I have just returned (exhausted, but exhilarated) from a four day course in the Cotswolds – Exploring the Divided Brain. Coming to Your Senses. The course focuses on the work of Iain McGilchrist, principally his book The Master and His Emissary. The Divided Brain and the Making of the Western World. This is the fourth time I have attended this course and it didn’t disappoint. In fact this was probably the best of the four courses.
Iain gave eleven one hour talks over the four days. He was interviewed twice, including once by John Cleese, and answered questions for an hour for the final session of the final day. He rightly received a standing ovation at the end of the course.
Iain’s talks bore the titles:
- Introduction to the Hemispheres
- The Value and Limits of Science
- Brain Disorders of the Hemispheres
- What is Language For?
- The Value and Limits of Reason
- Are we Becoming Machines?
- The Values and Limits of Intuition
- The Value and Limits of Imagination
- What Does it Mean to Think?
- The Power of No
- Everything Flows
I will come back to some of these in future posts
There were also a number of participant presentations, workshops and participant led discussion groups.
Talks were given by:
James Murray-White – Finding Blake: Reimagining William Blake for the 21st century (https://findingblake.org.uk/exploring-the-divided-brain/)
Robert Franklin (two talks) – The Left Hemisphere and the Holocaust: The Holocaust by bullets and The Left Hemisphere and the Holocaust: Golden Harvest
Mary Attwood – Renaissance Art – A Harmony of the Hemispheres
Tywi Roberts (two sessions) – Music workshop
Simon Maryan – Trauma and Post Traumatic Stress
Samantha Field (two talks) – Feeling Music through the Rhythm of Movement and Dance and Communicating without Words
Georgina Cahill (two talks) – Mindfulness: Noticing our Everyday Behaviours and Mindfulness: Ideas and Practises to take home with us
Susannah Healy – The Seven Day Soul: Finding Meaning Beneath the Noise
The wide range of these talks made for a very rich experience, and the depth and breadth of knowledge shared by the speakers that I listened to was impressive. It is always humbling to hear Iain McGilchrist speak, but it was also humbling to be on a course with so many very talented people.
For the first time, I also offered a discussion group/workshop, in which I was keen to hear participants’ view on what the implications of Iain’s work might be for education. In particular I am interested in questions such as:
- What are the advantages and disadvantages, with respect to education, of the left hemisphere’s view of the world?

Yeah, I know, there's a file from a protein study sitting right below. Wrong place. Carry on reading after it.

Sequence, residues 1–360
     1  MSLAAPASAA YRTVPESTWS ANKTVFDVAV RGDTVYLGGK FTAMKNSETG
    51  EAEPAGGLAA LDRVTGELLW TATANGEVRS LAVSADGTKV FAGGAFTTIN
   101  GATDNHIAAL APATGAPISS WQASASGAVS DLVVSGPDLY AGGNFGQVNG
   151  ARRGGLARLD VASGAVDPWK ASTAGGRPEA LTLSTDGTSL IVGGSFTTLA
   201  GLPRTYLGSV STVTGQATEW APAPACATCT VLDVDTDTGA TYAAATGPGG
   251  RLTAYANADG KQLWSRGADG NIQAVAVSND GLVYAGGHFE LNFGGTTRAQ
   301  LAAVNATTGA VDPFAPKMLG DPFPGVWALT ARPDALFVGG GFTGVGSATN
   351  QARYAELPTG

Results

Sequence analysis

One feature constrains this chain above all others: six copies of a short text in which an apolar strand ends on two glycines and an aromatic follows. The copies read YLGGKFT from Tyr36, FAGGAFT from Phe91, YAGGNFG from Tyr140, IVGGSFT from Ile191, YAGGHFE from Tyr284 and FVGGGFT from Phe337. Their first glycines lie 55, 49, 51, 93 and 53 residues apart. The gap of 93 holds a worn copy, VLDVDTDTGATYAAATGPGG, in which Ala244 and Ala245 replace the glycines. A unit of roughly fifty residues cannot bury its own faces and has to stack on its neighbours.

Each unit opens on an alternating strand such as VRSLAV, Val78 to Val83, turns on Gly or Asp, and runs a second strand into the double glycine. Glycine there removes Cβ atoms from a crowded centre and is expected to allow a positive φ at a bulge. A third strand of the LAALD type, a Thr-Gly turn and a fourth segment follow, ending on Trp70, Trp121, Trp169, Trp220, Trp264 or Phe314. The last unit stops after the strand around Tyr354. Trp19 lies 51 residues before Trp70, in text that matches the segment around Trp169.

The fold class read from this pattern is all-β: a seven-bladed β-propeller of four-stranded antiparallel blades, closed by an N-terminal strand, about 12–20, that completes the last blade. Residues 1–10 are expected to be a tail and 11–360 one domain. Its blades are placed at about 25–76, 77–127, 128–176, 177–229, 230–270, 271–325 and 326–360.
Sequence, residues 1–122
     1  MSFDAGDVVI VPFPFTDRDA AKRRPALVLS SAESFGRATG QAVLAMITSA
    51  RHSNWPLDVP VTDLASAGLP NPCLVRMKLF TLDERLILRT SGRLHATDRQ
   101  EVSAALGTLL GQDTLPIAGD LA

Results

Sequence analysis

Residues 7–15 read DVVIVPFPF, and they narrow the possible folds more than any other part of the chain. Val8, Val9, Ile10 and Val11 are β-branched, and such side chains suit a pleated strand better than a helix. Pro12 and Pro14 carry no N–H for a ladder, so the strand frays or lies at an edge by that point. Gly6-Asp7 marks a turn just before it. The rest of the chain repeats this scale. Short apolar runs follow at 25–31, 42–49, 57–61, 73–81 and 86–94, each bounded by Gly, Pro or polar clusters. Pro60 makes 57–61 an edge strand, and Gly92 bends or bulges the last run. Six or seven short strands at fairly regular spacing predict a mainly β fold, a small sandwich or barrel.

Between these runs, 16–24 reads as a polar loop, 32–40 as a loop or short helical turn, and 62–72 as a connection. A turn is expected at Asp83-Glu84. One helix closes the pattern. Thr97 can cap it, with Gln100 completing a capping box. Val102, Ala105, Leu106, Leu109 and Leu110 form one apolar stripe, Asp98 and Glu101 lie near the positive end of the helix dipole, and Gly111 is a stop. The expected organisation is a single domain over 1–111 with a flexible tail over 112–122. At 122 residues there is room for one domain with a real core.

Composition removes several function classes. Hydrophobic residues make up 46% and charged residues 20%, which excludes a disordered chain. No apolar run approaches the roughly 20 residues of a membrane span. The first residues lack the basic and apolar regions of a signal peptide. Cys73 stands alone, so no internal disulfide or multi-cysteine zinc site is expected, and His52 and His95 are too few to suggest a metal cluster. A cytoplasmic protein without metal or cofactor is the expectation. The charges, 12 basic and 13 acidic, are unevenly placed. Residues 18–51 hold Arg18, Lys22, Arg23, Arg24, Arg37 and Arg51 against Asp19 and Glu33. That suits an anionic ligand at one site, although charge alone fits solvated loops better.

- What could the right hemisphere’s view of the world contribute to education?
- What changes in education might we need to make to prevent left hemisphere dominance and reflect a more balanced view of the world?
Here I will very briefly provide an overview of how the discussion went.
There were 22 people in my session. I asked participants to work in small groups of about three people. We worked through three exercises.
- Each person was given the following handout and asked to draw on their own experience to discuss it in terms of how the different characteristics of the left hemisphere’s view of the world resonates with their personal understanding of education, teaching and learning.
2. We then did the same for the right hemisphere
3. Finally, drawing on the previous two discussions, we discussed the question:
What changes would you make to education to ensure that the strengths of the left and right hemispheres are best represented?
Here are some of the responses (in no particular order)
We should get rid of SATs and OFSTED and change the culture of education to focus on better values. We shouldn’t worry about ‘screwing up’.
We should value truth and fairness.
There should be greater emphasis on context and inter-connection in the curriculum ,e.g. as in topic-based learning.
We need to rebalance STEM subjects with the Arts and Humanities and aim for holistic learning and embodied, exploratory and self-motivated learning.
There should be greater awareness and appreciation of the differences between the left and right hemispheres of the brain.
Education should involve curiosity, playfulness, wonder and fun, and learners should discover purpose and meaning for themselves.
Diversity of views should be respected and encouraged.
We need to change the global paradigm of education
I need to spend more time thinking about all this. We had about an hour and 10 minutes for this discussion, which was really not long enough. There is still plenty to think about and to say. I may come back to this in a later post. For now I want to focus on the notes I made in Iain McGilchrist’s talks and try and process it all, so in my next few posts, I will share these notes.
This four day course will run again for the last time next year from 3rd – 6th October 2020 In the same location – Tewkesbury Park Hotel – in the Cotswolds, UK.